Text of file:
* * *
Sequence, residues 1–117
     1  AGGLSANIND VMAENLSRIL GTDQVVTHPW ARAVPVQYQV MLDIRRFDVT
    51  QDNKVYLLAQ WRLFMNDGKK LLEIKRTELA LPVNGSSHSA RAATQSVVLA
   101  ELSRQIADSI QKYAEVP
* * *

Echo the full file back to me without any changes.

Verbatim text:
Sequence, residues 1–117
     1  AGGLSANIND VMAENLSRIL GTDQVVTHPW ARAVPVQYQV MLDIRRFDVT
    51  QDNKVYLLAQ WRLFMNDGKK LLEIKRTELA LPVNGSSHSA RAATQSVVLA
   101  ELSRQIADSI QKYAEVP